Boris Johnson faces more calls from Tory MPs to resign

Boris Johnson remained in deep trouble over the “partygate” affair on Tuesday, as one-loyal Conservative MPs said the prime minister should quit and others put him on a three-month probation until local elections in May.

Peter Aldous, MP for Waveney, called for Johnson to go “after a great deal of soul searching”, while other mainstream Tory MPs said they were agonising over whether to call for a no-confidence vote.

Gary Streeter, MP for South West Devon, told BBC Radio Devon he was “wrestling with his conscience”, adding that “many prime ministers would resign” over revelations of a lockdown party culture in Downing Street.

Although most Tory MPs say the immediate danger to Johnson has passed, there is widespread agreement that his survival as prime minister beyond the summer is uncertain.

Downing Street on Tuesday confirmed – after initial hesitation – that it would make public any penalty notice handed over to Johnson following a Metropolitan Police investigation into lockdown parties in Whitehall.

Johnson has also reluctantly agreed – under pressure from Tory MPs – to publish a full version of the report by Sue Gray, a top civil servant, into the parties, once the police have concluded their own inquiry.

In her “updated” report published on Monday, Gray criticized a “failure of leadership” in Number 10 and unearthed a drinking culture but she had to excise most details at the request of the Met.

Some in government believe Gray’s original report was “dynamite” and highly damaging to Johnson, who attended some of the parties, hence his original reluctance to guarantee to MPs that it would be published.

Many Tory MPs fear the prime minister and party could suffer more harm when the Met finally reports. They see the local elections on May 5 as a key moment to assess whether Johnson is still a winner.

Although most believe the threat of a no-confidence vote has receded for now – a total of 54 Tory MPs are required to trigger one – many Conservatives remain deeply troubled by Johnson’s alleged conduct.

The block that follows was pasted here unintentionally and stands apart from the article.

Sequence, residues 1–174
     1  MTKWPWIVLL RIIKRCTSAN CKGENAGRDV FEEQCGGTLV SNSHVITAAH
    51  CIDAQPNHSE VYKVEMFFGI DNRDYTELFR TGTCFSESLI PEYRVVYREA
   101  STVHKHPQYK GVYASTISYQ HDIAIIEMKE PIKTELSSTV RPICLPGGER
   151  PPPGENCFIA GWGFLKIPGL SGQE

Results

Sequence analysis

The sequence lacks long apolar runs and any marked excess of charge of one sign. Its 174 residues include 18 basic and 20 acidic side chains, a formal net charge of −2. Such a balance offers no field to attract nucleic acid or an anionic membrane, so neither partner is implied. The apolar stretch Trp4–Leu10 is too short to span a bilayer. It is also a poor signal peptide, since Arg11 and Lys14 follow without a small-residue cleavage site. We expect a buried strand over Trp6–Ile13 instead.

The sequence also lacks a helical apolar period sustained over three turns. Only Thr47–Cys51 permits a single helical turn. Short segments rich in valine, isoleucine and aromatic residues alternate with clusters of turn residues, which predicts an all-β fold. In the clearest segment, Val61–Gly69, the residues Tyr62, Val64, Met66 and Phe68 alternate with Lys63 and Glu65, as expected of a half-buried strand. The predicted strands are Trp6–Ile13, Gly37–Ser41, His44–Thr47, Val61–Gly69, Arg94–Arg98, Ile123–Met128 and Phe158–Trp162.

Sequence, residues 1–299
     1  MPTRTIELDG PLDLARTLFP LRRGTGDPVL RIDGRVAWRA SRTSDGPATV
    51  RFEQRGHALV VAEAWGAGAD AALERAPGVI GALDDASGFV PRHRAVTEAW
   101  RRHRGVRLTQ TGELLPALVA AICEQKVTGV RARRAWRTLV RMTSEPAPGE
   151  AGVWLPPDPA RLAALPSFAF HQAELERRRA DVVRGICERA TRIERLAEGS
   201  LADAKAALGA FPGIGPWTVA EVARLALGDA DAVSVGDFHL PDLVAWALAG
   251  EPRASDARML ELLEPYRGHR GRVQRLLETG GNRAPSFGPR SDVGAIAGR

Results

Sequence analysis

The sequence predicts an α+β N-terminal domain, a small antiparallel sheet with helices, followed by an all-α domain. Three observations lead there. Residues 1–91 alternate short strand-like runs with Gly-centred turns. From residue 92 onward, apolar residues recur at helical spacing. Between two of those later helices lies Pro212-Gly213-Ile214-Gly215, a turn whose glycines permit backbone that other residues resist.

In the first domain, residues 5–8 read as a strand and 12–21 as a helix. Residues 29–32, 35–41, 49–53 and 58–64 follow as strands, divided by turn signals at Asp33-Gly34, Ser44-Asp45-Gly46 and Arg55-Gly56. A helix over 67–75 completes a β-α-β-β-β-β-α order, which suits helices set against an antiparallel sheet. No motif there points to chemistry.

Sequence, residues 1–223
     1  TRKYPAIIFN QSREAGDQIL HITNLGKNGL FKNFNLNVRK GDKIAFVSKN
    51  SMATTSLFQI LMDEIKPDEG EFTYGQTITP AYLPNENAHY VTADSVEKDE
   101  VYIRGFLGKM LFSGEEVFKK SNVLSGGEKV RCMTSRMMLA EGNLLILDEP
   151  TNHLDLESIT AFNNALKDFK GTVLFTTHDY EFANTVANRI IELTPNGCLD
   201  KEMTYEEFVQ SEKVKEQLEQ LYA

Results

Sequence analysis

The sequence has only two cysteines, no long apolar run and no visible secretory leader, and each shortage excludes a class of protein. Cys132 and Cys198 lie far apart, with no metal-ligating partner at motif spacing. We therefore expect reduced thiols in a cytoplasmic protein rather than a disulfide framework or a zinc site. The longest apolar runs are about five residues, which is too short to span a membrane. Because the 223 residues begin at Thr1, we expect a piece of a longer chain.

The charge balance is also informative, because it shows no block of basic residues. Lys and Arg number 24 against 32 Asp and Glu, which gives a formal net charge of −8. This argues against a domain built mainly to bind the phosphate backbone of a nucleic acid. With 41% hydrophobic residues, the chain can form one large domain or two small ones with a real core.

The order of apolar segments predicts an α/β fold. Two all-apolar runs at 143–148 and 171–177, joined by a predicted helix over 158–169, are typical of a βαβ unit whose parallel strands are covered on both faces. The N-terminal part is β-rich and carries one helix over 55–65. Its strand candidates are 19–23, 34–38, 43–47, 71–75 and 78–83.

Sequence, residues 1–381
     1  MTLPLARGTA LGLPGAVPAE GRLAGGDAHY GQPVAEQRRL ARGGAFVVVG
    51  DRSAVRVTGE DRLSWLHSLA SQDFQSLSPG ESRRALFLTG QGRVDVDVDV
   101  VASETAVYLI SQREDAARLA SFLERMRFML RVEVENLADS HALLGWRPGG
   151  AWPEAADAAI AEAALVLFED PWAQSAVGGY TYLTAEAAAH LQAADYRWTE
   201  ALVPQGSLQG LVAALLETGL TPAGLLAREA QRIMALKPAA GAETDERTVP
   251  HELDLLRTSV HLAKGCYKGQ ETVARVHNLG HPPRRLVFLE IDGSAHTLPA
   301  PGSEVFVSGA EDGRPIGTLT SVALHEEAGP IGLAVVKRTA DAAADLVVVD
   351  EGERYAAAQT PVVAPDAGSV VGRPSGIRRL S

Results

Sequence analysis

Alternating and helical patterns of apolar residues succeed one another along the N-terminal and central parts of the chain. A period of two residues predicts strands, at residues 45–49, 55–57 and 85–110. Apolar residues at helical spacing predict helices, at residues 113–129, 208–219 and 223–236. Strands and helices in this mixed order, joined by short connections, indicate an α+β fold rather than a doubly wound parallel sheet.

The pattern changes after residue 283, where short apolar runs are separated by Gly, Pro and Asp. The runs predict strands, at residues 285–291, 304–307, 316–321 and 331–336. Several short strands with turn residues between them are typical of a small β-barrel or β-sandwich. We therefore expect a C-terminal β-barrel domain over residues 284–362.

One MP said Johnson’s defiant statement on the Gray report in the House of Commons was “a disgrace”. The MP, who is weighing whether to call for a no-confidence vote, said: “Listening to him made me feel dirty.”

Andrew Mitchell, a former chief whip, said on Tuesday that Johnson was “corroding the fabric of the Conservative party” and that the party scandal was like “battery acid” on her reputation.

One pro-Brexit MP said he had been urged by local party members to join the campaign to unseat Johnson, while a Tory MP from the 2019 intake said: “He has lied to the House of Commons – that is clear.”

The MP added: “Many of my intake aren’t objecting to his policies per se but the nature in which he has conducted himself. This is not what we came into parliament for. ”

A House of Commons select committee chair said: “I think he’ll get through to the May elections but who knows how much collateral damage there will be to the party in the meantime.”

Meanwhile Johnson faced Tory criticism for alleging in the Commons that Sir Keir Starmer, Labor leader, had failed as director of public prosecutions to prosecute the late pedophile Jimmy Savile.

Julian Smith, another former Tory chief whip, said: “The smear made against Keir Starmer relating to Jimmy Savile yesterday is wrong and cannot be defended.

“It should be withdrawn. False and baseless personal slurs are dangerous, corrode trust and cannot just be accepted as part of the cut and thrust of parliamentary debate. ”

Downing Street declined to repeat the claim made by Johnson in the Commons under parliamentary privilege.

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